Medieval illustration of the four humours. Top left to bottom right; Phlegm, Blood (Sanguine), Melancholy, (black bile), and choler (yellow bile).

Shakespeare also uses plague as a metaphor for the hate of the two families that infects and kills the young lovers, as well as Tybalt, Paris, and Mercutio.

The play was first published in 1595, two years after a plague outbreak so bad that the theaters were all closed, so Shakespeare’s audience had a visceral reaction to this plague imagery when they saw it in the theater, especially after a year of being quarantined away from the theaters because of that exact same disease!

Saint Sebastian pleads with Jesus for the life of a gravedigger afflicted by plague during the Plague of Justinian. (Josse Lieferinxe, c. 1497–1499)

Scourge and minister”: some of Shakespeare’s plays mention plague indirectly in relation to its perceived nature as a divine punishment. In Hamlet, the prince calls himself a scourge, which meant both a plague designed to destroy the wicked, and also a group of people who voluntarily scourged (whipped) themselves in the hope that God would end the disease as a result of their suffering.

Woodcut of flagellants (Nuremberg Chronicle, 1493).

Richard the Third is Shakespeare’s embodiment of this kind of plague scourge. In Shakespeare’s first cycle of four history plays, we see the families of York and Lancaster take turns usurping the throne, and committing numerous acts of murder, treason, and blasphemy. In the play that bears his name, Richard kills the Yorkist royal family and then is murdered himself by Henry Tudor, systematically destroying the families of York and Lancaster. Thus, in Shakespeare’s propaganda version of history, he depicts Richard as a scourge who purges the throne of usurper and traitors, and paves the way for the “virtuous,” Henry Tudor and his dynasty.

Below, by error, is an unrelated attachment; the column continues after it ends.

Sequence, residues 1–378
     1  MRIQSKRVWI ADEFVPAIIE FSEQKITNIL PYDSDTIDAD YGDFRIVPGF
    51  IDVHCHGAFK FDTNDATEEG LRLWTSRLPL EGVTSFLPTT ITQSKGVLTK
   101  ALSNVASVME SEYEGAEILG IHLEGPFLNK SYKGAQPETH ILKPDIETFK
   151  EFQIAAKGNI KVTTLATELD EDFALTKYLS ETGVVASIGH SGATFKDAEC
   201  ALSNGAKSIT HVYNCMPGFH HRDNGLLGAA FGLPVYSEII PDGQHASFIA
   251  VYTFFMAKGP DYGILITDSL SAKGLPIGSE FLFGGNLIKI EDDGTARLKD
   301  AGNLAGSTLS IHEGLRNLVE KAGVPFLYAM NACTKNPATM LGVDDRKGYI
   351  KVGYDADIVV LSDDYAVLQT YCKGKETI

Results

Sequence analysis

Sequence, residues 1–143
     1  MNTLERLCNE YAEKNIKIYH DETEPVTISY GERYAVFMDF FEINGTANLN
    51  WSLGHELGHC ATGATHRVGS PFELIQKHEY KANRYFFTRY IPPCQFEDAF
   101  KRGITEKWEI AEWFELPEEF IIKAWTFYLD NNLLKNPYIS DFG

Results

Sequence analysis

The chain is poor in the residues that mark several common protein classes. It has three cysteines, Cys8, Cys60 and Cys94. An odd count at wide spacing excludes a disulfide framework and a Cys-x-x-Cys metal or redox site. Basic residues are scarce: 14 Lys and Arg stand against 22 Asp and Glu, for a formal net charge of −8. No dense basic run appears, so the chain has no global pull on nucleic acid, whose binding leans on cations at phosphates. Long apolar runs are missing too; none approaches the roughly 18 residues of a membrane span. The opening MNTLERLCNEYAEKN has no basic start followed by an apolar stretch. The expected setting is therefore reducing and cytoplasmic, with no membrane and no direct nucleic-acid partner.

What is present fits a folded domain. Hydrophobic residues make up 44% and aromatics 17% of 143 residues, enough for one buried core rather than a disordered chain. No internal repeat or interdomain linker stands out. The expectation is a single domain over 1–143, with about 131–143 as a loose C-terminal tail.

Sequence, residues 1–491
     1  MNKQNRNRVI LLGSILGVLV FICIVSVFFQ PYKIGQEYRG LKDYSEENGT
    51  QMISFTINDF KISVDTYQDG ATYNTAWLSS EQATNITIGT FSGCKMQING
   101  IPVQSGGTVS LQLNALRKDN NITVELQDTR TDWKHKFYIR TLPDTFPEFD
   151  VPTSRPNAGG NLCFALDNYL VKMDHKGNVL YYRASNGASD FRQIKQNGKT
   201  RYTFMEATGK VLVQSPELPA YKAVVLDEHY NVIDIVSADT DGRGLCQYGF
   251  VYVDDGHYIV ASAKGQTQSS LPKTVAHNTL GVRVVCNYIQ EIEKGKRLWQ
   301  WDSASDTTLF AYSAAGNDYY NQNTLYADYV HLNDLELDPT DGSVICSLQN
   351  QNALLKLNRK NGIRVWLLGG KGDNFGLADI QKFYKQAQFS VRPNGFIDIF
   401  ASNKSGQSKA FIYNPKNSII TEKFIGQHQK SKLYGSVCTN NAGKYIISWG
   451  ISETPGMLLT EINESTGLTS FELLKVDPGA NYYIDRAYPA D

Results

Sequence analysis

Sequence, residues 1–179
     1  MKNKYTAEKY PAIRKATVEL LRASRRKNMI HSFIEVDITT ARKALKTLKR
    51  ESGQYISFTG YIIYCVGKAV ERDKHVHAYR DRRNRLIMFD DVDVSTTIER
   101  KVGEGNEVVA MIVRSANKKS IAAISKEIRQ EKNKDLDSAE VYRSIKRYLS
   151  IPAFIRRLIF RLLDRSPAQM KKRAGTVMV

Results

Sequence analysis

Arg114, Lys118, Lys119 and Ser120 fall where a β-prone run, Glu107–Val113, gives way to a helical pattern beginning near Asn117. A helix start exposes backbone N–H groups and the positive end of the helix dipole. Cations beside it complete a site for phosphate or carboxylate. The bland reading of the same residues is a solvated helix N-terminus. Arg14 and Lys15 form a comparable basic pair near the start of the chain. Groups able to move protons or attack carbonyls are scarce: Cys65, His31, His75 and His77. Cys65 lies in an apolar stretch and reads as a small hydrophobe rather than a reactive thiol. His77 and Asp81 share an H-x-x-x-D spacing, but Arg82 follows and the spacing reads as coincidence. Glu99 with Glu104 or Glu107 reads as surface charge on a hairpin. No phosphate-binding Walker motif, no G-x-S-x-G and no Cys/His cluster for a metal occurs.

The Real Plague
The black death, also known as Bubonic Plague, was first documented in 1347. Like Covid 19 it was first discovered in China, though it might not have originated there. Some historians argue that the Huns might have carried the plague into China and trade routes from the East carried it into Europe. By 1349 it reached England.
Everyone knew what to look for from those infected with the plague: first came fevers and chills. The next stage was the appearance of small red boils on the neck, in the armpit or groin. These lumps, were called buboes, (hence the term Bubonic Plague)

The buboes grew larger and darker in colour as the disease grew worse. From there the victim would begin to spit blood, which also contaminated with plague germs, making anyone able to spread the disease by coughing. The final stage of the illness was small, red spots on the stomach and other parts of the body caused by internal bleeding, and finally death.

We see death coming into our midst like black smoke, a plague which cuts off the young, a rootless phantom which has no mercy or fair countenance. Woe is me for the shilling in the armpit. . . It is an ugly eruption that comes with unseemly haste. It is a grievous ornament that breaks out in a rash. The early ornaments of black death.-Jevan Gethin, poet who died from plague in 1349.

Detail from The Temptation of St Anthony, 1512. Note the swollen buboes on the stomach, arms, and legs.

John Flynn, an Irish Friar described the plague in apocalyptic terms, writing a journal for posterity, but expressed doubt that ” Any of the race of Adam would even survive.” With the horrifying spread of the epidemic, it is not hard to understand why Flynn felt that way: In 1348, there were 100,000 people living in London, but after the plague spread, the city lost 300 people every day! “treatments”Plague carts like in Monty Python (Dreary) carried plague bodies out of the city and burned them.
• In France, bodies were thrown in rivers (Deary)